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Unidentified Index Problem on some servers

P: n/a
I'm getting an error message "Unidentified Index" when reading posted
variables from a form

$x = $_POST['VariableName']

I know I can use 'isset()' to check them first, but I'm curious as to why
this works on some servers and not others......... Most of the servers I run
it on just ignore the problem and result in the variable being assigned
empty.

I've tries on 3 different installations:

1 Linux ( No Error message)
1 Windows XP ( No Error message )
1 Windows 2000 ( Fails! )

Is it a php.ini setting?

Regards,
Neil
Jul 17 '05 #1
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5 Replies


P: n/a
Neil Strong wrote:
I'm getting an error message "Unidentified Index" when reading posted
variables from a form

$x = $_POST['VariableName']

I know I can use 'isset()' to check them first, but I'm curious as to why
this works on some servers and not others......... Most of the servers I run
it on just ignore the problem and result in the variable being assigned
empty.

I've tries on 3 different installations:

1 Linux ( No Error message)
1 Windows XP ( No Error message )
1 Windows 2000 ( Fails! )

Is it a php.ini setting?


from: http://php.net/error_reporting

It seems that using E_NOTICE (included with E_ALL) is the only way to get
warnings about undefined variables. For example, if you type $soemthing
when you mean $something, you may not get any message about it unless you
use E_NOTICE level reporting.

The problem is, at that level of reporting you also get notices about array
indexes that have not been set. This means lots of warnings when using
$_GET['formvariable'] and such. You can check isset($_GET['formvariable'])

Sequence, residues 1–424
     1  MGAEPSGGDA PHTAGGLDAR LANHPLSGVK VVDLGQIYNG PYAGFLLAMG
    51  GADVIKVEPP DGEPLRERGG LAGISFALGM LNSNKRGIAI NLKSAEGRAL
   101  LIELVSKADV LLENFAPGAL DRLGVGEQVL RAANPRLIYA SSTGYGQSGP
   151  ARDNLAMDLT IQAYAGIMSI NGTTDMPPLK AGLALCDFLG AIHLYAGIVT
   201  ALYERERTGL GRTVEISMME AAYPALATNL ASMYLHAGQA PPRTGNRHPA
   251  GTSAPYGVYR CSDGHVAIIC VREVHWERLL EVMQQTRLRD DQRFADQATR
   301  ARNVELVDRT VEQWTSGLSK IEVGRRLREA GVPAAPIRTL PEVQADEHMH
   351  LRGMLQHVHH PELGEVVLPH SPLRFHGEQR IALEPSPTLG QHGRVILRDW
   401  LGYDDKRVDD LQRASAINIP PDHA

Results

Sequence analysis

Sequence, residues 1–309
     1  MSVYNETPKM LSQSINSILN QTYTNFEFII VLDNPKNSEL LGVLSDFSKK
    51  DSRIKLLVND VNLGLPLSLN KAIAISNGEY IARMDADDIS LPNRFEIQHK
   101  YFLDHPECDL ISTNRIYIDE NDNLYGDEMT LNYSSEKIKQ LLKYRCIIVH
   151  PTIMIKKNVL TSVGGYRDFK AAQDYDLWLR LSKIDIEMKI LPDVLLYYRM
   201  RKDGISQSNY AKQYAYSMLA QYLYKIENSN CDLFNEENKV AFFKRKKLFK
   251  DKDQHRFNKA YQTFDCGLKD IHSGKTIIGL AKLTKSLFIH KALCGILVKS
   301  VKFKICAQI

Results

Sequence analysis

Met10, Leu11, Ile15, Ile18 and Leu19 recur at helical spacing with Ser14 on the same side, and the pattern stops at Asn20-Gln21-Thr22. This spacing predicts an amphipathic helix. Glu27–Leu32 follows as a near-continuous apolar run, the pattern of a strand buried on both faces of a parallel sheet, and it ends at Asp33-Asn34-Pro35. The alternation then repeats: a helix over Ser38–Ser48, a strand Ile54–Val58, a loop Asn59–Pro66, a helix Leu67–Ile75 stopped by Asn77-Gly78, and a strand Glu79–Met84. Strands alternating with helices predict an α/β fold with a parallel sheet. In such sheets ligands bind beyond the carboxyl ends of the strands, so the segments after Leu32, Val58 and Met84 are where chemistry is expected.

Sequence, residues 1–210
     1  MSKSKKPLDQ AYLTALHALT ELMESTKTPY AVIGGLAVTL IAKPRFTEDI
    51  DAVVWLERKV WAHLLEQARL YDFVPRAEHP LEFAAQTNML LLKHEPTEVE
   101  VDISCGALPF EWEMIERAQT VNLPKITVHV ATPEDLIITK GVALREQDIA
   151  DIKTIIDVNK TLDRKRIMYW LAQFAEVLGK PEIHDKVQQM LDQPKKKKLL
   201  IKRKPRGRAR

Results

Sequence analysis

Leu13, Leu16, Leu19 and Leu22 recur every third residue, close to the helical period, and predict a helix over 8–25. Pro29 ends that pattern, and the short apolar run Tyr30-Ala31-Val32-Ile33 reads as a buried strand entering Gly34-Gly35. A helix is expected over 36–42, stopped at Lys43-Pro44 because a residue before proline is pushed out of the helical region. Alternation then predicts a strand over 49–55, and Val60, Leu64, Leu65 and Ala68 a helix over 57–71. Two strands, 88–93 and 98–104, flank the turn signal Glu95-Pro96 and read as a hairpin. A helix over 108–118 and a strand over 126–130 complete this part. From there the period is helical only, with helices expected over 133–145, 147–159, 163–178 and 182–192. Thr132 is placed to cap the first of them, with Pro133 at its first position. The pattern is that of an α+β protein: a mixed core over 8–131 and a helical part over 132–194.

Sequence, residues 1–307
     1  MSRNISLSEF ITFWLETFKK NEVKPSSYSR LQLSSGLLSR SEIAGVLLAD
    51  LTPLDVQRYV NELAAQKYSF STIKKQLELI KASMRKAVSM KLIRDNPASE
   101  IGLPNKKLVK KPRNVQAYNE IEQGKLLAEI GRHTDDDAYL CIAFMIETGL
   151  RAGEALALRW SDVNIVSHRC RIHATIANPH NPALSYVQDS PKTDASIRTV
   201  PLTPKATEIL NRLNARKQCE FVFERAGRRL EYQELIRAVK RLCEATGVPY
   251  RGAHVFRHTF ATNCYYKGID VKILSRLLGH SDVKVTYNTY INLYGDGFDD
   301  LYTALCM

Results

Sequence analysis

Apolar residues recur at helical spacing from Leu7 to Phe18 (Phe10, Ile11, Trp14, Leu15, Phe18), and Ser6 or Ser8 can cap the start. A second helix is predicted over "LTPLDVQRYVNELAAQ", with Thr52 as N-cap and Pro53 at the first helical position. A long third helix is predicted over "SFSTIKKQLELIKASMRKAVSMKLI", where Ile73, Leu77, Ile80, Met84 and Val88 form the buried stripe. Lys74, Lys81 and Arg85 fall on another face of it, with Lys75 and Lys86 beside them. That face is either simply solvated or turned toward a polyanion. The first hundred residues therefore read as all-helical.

first, but that gets annoying, especially when it is redundant to stricter
input validation you need to do anyway.

The only solution I have found is to use set_error_handler() to register a
custom error reporting function to report everything except where the error
string starts with "Undefined index:". Then I call error_reporting(E_ALL).
This seems to be the best compromise.

function error_handler($errno, $errstr, $errfile, $errline, $errctx) {
if ($errno == E_NOTICE && substr($errstr, 0, 17) == "Undefined index:
") return;
echo "\nerror_handler:\n\terrno=$errno\n\terrstr=$errst r\n";
echo "\terrfile=$errfile\n\terrline=$errline\n";
if ($errno & (E_ERROR | E_CORE_ERROR | E_COMPILE_ERROR | E_USER_ERROR))
die();
}
set_error_handler("error_handler");
error_reporting(E_ALL);

checks the others comments too...

Regards

--
David

Jul 17 '05 #2

P: n/a
Turn down error reporting.
You probably have it set WAY to high.
Also make sure you don't have something like this in your script
if(error)die;
Oh yeah also for post variables I just like to use

extract($_POST);

make sure you don't try

$x = extract($_POST);

Otherwise = $x winds up just being null or 0 or 1 I think, depending on you version.

extract assigns all of them automagically
If thats to sloppy and full of holes for ya try this

if($_POST['VariableName']){
$x = $_POST['VariableName'];
}

"Neil Strong" <Ne*********@nodomain.com> wrote in message news:<bn**********@visp.bt.co.uk>...
I'm getting an error message "Unidentified Index" when reading posted
variables from a form

$x = $_POST['VariableName']

I know I can use 'isset()' to check them first, but I'm curious as to why
this works on some servers and not others......... Most of the servers I run
it on just ignore the problem and result in the variable being assigned
empty.

I've tries on 3 different installations:

1 Linux ( No Error message)